Montana Public Radio

bonds

Legislative Auditor Angus Maciver answers lawmakers questions Jan. 13, 2020. The Legislative Audit Division and the Governor's Office are in an ongoing dispute over an unpublished report looking at Montana's  health department and Medicaid system.
Corin Cates-Carney / Montana Public Radio

Montana’s Legislative Auditor is pushing back against the Governor’s Office’s public criticism of an unpublished report on the state health department. The administration says the details are holding up $80 million in infrastructure projects.

Lawmakers were briefed on the brewing controversy during the kickoff of Legislative Week.

Montana State Capitol.
Corin Cates-Carney / Montana Public Radio

Gov. Steve Bullock’s administration says an $80 million infrastructure package is facing an “unacceptable” delay after passage during last year’s legislative session. The bipartisan spending deal on public works is hung up after an audit questioning state finances and Medicaid spending.

Three Montana cities have passed school bonds for construction, including a $125 million bond in Bozeman to build a new high school and remodel the current one.

Lawmakers Sit Down With Governor To Talk Bonding

Apr 25, 2017

Lawmakers wrapped up Day 85 of their scheduled 90-day Legislative session with no agreement reached on a bonding package.

That morning, 11 legislators sat down with Governor Steve Bullock, Budget Director Dan Villa and other staff in the Governor's Conference Room to talk about possibilities. Specifically, what would it take to reach the 67 votes needed in the House to pass a bonding bill.

Among the bills put on the table were those dealing with abortion and charter schools. House Minority Leader Jenny Eck, D-Helena, said if those bills were part of the deal, the Republican majority would lose Democratic votes, which could doom bonding.


New Republican Infrastructure Proposal Hits A Speed Bump

Mar 22, 2017

House Democrats say they won’t support a new House Republican infrastructure proposal that would issue bonds to pay for rural water, wastewater, some road and school projects.

When it comes to infrastructure at the Montana Legislature even a simple matter over whether there were negotiations on the topic is up for dispute.


Bonding Bill Opens at Montana Legislature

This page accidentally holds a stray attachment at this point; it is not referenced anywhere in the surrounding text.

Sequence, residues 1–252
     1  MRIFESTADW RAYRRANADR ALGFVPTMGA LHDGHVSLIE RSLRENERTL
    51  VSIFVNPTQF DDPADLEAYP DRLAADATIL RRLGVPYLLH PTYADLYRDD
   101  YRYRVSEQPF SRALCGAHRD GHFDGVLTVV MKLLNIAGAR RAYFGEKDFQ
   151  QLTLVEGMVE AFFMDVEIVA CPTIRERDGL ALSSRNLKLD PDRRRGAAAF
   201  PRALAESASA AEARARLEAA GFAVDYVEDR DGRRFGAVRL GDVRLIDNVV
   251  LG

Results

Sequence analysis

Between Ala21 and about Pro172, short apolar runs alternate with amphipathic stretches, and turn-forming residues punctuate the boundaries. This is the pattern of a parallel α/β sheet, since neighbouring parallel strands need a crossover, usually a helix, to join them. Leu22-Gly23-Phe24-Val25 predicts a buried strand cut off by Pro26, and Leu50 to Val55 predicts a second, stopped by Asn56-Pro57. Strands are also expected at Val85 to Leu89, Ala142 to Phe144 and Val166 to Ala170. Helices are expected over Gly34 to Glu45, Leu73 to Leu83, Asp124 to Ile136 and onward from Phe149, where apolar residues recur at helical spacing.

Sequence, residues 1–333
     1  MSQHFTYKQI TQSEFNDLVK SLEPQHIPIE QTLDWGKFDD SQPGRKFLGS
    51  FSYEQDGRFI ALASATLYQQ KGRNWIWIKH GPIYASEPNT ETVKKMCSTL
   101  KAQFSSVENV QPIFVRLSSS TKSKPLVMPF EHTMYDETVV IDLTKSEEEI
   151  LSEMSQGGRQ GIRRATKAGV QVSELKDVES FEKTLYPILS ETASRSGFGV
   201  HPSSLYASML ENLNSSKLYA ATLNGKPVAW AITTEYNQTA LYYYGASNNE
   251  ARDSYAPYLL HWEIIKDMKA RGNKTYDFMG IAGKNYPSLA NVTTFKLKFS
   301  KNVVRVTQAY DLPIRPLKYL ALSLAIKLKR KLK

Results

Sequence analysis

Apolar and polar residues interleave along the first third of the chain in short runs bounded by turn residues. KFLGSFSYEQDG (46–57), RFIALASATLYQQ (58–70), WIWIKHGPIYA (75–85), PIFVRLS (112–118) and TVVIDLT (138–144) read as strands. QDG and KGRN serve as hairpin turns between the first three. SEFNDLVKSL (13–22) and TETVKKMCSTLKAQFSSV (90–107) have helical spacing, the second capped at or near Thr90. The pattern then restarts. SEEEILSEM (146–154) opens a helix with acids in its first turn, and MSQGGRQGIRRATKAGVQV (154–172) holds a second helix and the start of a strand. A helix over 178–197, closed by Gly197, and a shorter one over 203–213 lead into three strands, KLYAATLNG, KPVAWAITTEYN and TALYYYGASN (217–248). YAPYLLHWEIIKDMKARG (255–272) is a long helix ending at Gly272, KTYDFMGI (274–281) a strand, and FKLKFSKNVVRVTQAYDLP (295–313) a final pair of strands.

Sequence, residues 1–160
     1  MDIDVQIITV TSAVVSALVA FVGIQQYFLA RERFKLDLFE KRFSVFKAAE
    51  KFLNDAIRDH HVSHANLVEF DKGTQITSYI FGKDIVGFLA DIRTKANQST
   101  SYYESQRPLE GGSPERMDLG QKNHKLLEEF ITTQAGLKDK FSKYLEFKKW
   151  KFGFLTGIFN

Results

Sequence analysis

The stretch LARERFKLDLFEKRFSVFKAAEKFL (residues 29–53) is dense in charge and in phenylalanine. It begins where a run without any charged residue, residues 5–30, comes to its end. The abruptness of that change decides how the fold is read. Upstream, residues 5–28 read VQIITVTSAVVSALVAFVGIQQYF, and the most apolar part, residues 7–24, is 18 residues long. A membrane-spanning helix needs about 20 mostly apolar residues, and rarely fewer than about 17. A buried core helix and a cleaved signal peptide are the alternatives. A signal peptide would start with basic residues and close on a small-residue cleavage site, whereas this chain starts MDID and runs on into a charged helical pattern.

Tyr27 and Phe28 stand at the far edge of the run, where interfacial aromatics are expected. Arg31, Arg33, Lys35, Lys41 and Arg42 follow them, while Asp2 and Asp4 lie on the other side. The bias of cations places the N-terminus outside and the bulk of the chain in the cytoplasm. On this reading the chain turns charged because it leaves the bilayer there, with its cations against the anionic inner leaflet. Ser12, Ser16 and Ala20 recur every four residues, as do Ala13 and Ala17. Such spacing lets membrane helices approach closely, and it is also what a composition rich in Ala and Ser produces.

Jan 13, 2017

In principal, the main bill that funds road, water, and other infrastructure projects continues to have broad support.

“We do fully support the notion of increased funding at that local level for critical infrastructure, like roads, bridges, water and sewer and the use of bonding in supporting that infrastructure,” said Darryl James of the Montana Infrastructure Coalition.


Bond supporters say the existing 42-year-old library is now too small, technologically outdated and energy inefficient. Critics say Missoulians are now constantly barraged with bond issues and it’s starting to add up.
Josh Burnham

Missoula voters will be asked to approve a $30 million public library bond this November. County commissioners today unanimously approved the ballot language.

Voting booths at the Missoula Library.
Josh Burnham

Lewis and Clark County Commissioner Susan Good Geise says voters on Tuesday not only said "no" to plans for a new detention center, they said “heck no”.

Missoula County Public Schools Superintendent Mark Thane says he’s “extremely grateful” for Tuesday’s 11th-hour victory of a $70 million high school bond issue. Local voters passed it as well as an $88 million dollar elementary bond. The levies will pay for local school maintenance, renovations, remodeling and technology and security updates.

Fewer state and federal dollars are filling Montana school district coffers, so school officials are turning to local voters for help.

Bob Vogel of the Montana School Boards Association says bonding requests are becoming more common.

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